Wednesday, 12 February 2014

Shakespearean Magic

For me it has always been really tough to believe that Shakespeare was not born in the modern times. This Cosmic writer was so much ahead of time. As if, he could foresee and foretell! He beautifully demonstrated all the human feelings, emotions. Tragedy, Comedy, Romance, Revenge, Arrogance; you could find all traits in his dramas. The class of Shakespeare is really rare and special. Let’s try and preserve the Shakespearean class! After all, you dare shun the Master! Without even an iota of doubt, he was brilliant when it came to description of human emotions.

The first play that I came across was “Julius Caesar”. And it is still fresh in my memory. Quotes like-

“A dish fit for the Gods”

“Et tu, Brute!”

“Beware the Ides of March”

“But, for my own part, it was Greek to me”

These lines were beyond time. They fit perfectly into situations that we counter in our lives. The way in which Shakespeare has demonstrated “Male Ego”, “Acumen of a good Speaker” and “Will power of women”, in this play is simply awesome.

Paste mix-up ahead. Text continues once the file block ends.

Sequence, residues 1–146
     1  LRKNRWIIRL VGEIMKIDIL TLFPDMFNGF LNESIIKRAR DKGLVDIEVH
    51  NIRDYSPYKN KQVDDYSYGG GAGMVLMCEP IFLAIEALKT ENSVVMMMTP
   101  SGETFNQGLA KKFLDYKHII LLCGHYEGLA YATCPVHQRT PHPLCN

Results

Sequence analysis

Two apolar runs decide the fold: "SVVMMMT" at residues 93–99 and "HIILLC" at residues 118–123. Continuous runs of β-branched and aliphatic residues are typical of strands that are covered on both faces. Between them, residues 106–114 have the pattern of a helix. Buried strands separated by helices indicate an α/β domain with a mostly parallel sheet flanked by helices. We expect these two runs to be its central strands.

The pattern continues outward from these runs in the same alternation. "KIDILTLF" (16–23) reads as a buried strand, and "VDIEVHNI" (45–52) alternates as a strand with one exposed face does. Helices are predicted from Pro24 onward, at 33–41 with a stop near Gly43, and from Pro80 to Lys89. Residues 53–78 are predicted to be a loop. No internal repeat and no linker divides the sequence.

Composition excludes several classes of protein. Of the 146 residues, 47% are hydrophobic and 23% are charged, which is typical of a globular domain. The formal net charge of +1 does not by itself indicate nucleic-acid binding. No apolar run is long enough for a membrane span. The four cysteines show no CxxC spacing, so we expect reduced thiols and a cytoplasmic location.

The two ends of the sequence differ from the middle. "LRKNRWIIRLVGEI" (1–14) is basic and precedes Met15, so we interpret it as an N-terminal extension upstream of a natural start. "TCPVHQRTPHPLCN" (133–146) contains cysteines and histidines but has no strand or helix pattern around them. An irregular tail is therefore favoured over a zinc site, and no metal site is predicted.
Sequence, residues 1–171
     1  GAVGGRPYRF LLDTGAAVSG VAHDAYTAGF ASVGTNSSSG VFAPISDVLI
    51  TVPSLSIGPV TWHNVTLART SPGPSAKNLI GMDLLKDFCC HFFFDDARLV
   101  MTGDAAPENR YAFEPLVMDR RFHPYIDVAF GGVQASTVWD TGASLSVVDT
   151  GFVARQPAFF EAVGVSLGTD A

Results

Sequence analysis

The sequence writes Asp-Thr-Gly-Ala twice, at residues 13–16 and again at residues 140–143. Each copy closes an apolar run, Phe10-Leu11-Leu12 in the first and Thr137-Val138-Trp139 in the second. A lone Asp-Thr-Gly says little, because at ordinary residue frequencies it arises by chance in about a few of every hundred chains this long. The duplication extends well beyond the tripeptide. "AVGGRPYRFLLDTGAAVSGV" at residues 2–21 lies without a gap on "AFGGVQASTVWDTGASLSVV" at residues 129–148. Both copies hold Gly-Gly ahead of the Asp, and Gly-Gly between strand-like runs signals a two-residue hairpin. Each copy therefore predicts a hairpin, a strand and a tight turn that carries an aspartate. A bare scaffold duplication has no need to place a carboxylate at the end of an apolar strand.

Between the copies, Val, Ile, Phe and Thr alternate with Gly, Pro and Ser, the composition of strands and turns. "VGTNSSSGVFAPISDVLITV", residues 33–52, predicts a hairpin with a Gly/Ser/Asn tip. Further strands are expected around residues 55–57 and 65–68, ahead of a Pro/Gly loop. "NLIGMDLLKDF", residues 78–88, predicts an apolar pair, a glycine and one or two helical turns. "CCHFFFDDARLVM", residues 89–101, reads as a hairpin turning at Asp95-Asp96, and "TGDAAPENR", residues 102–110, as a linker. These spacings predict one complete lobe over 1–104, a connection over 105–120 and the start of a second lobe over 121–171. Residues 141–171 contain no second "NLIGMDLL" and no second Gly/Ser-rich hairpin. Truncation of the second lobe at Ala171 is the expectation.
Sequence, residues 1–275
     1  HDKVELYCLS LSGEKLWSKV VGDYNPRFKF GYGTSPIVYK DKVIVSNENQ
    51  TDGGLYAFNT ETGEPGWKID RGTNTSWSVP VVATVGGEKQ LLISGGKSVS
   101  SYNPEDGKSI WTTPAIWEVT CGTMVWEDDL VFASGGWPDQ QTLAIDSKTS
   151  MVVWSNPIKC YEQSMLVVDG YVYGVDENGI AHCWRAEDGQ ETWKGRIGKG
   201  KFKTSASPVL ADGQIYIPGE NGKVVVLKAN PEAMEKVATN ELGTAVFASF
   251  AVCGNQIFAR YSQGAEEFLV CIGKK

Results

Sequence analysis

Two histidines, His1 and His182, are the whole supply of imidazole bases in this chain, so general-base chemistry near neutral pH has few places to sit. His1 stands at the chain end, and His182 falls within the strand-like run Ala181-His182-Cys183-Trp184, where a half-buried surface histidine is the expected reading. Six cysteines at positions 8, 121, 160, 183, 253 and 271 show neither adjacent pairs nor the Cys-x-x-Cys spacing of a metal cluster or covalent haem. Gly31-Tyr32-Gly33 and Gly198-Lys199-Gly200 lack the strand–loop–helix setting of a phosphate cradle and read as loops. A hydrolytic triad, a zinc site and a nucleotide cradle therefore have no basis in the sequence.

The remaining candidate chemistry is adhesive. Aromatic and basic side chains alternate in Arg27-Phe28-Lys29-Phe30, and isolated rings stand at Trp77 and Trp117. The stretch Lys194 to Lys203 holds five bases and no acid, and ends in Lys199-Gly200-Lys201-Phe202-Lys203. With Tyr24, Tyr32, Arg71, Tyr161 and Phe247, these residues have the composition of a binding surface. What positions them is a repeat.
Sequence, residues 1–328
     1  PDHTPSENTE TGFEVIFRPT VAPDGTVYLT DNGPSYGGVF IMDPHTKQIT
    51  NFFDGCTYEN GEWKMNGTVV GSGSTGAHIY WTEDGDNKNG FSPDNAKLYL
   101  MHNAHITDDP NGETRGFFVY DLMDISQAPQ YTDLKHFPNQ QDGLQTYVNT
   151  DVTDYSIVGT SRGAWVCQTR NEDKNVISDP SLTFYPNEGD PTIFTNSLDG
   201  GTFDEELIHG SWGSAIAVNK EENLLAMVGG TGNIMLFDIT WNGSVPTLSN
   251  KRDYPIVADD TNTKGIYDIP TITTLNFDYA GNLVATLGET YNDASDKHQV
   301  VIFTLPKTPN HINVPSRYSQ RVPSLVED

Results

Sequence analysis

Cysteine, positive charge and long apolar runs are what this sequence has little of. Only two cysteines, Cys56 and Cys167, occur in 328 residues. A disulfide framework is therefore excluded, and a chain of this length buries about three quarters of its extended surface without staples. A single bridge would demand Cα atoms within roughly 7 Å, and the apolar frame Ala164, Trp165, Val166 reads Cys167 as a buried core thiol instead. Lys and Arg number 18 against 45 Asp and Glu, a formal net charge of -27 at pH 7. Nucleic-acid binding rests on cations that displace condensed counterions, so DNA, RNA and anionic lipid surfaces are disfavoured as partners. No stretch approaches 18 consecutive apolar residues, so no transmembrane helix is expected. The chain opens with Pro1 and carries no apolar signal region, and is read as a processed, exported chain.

Coming to “Macbeth”, turning candid I have never read this play. I started a couple of times, but to no avail (laziness+laxity). But a couple of quotes from this play are really close to my heart and soul.
“Fair is foul and Foul is fair!”

“Out out brief candle, Life is but a walking shadow, a poor player that struts and frets his hour upon the stage and then is heard no more: it is a tale told by an idiot, full of sound and fury, signifying nothing.”

The above stated lines have been my favourite Shakespearean quote. It beautifully describes the “Rat-race” sort of life we have these days. Full of drama, mixed moments and ultimately it all ends in smoke.
And when you talk about “Romance”, you talk about “Romeo and Juliet”. Perhaps, the most quoted couple ever. I always had this gut feeling, that Shakespeare must be a very romantic man himself! Someone, who could convert emotions into words with such tremendous flair, could impress anyone! The quote that I remember from this master-piece is-

“What’s in a name? That which we call a rose by any other name would smell as sweet”.

It was not just about tragedy, drama and romance. It was Shakespeare who introduced us to Comedy! “The Comedy of errors”, is an example of impeccable Shakespearean comedy. Comedy had a slightly different meaning in those times. It meant confusion, a state of confusion coupled with humour. Comedy meant an erratic situation that brought humour unintentionally and automatically. Shakespeare explored almost all the human emotions and was truly someone cosmic!


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